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New Report Documents Violence Against Homeless People

August 15, 2009

Every once in awhile, we read about some act of violence against a homeless person. Young men set fire to a homeless man. A teenager beats a homeless man to death with a baseball bat. Twin brothers terrorize homeless people in a public park–a woman thrown down a flight of stairs, a sleeping man pounded with his own bicycle, another stabbed.

For 10 years now, the National Coalition for the Homeless has been issuing annual reports on crimes like these. It’s just published the latest.

As NCH readily acknowledges, its data are incomplete, based on news articles and reports from advocates, service providers and homeless and formerly homeless people themselves. But they’re still enough to give one pause.

  • In 2008 alone, 106 homeless people were subject to violent attacks, 27 of them fatal.
  • These attacks occurred in 22 states and the District of Columbia.
  • They included shootings, beatings, rapes, other assaults and at least three human torchings.
  • Victims were predominantly middle-aged and elderly. Of those whose attackers were formally accused, 17.3% were in their 50’s and 10.9% were over 60.

The NCH data are just the tip of the iceberg. Homeless people are understandably reluctant to call the police. And law enforcement authorities don’t have to keep records identifying crimes that seem motivated in whole or in part by the homelessness of the victim. But even the relatively little we know tells us there’s a serious nationwide problem.

So what’s to do? The ultimate solution, of course, is to create enough affordable and permanent supportive housing so that no one has to be homeless any more.

In the interim, we have to look for other policy solutions. One NCH recommends is legislation to make homeless people a protected class under existing hate crimes laws.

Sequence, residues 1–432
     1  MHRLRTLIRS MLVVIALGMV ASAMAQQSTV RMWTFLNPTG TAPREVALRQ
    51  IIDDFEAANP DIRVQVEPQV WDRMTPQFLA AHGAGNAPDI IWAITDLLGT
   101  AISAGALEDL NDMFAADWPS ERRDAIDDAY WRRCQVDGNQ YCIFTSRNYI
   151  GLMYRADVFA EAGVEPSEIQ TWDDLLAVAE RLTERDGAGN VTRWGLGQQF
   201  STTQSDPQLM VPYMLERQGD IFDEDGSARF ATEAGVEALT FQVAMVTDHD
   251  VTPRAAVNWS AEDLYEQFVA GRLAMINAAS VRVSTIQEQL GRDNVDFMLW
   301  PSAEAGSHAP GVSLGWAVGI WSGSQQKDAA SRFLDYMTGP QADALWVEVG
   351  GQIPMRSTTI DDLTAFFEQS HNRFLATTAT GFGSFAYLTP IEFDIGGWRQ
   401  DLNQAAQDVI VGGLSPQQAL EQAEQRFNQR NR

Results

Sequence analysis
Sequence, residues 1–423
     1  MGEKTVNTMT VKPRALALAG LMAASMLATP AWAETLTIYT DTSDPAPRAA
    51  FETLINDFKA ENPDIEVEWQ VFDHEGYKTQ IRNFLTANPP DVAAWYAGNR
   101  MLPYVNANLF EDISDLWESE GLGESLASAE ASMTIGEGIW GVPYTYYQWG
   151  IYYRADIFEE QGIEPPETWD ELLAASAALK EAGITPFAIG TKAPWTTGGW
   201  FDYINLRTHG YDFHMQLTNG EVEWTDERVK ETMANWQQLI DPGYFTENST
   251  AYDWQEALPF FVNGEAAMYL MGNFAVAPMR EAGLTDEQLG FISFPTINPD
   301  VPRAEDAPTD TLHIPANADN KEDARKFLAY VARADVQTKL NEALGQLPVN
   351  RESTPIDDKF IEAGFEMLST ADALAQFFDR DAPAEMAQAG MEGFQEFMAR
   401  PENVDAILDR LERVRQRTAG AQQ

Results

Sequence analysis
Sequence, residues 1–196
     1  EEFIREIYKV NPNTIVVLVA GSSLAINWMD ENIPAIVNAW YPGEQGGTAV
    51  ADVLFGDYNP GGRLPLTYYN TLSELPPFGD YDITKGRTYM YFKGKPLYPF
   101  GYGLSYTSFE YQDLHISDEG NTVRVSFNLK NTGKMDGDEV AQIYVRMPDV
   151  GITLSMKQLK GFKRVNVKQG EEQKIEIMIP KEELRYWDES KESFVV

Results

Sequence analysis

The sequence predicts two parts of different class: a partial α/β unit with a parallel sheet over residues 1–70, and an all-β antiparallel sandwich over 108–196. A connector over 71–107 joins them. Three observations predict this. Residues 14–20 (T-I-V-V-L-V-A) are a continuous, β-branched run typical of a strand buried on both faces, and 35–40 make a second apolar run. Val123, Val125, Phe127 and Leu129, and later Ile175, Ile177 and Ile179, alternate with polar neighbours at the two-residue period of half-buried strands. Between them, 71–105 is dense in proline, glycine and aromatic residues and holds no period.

The District of Columbia has just joined a relatively small number of jurisdictions in enacting such legislation. Under the just-signed emergency crime bill, the Bias-Related Crime Act is amended to include crimes based on a prejudice against homelessness. This will allow a court to impose up to one and a half times the ordinary maximum fine or jail term if a crime against a homeless person was committed at least in part because of the victim’s homelessness.

The measure is important, I think, as an expression of our collective revulsion against senseless, hateful acts. But I doubt the tougher penalties will serve as a deterrent.

After all, crimes like those in the NCH report aren’t based on rational risk/benefit calculations. Most seem prompted by a felt need for the thrill, release and peer validation of attacking a defenseless person. Some apparently are also fueled by hatred or contempt of homeless people. In short, they’re a symptom of something profoundly wrong in our culture.

What else can we think when someone who strangled and cracked open the skull of a homeless man said, when told who the victim was, “Oh him, he’s just a beggar, a vagrant.”? Or when others arrested for similar crimes said they did it for fun or just because they could?

There’s a pathology here that’s beyond my ken. But I think NCH is right to lay part of the blame on laws that target homeless people for innocuous acts like sitting or sleeping in public places, loafing, loitering or living in cars–not to mention laws that prohibit feeding them.

So passing hate crimes laws won’t be enough. Nor, I think, will eliminating laws that criminalize homelessness or putting homeless education programs in our schools, as NCH also recommends. But these are all steps in the right direction.

Not as good as ending homelessness or the deep-seated alienation and rage of young men who get pumped up by “beat[ing] down some bums.” But positive nonetheless.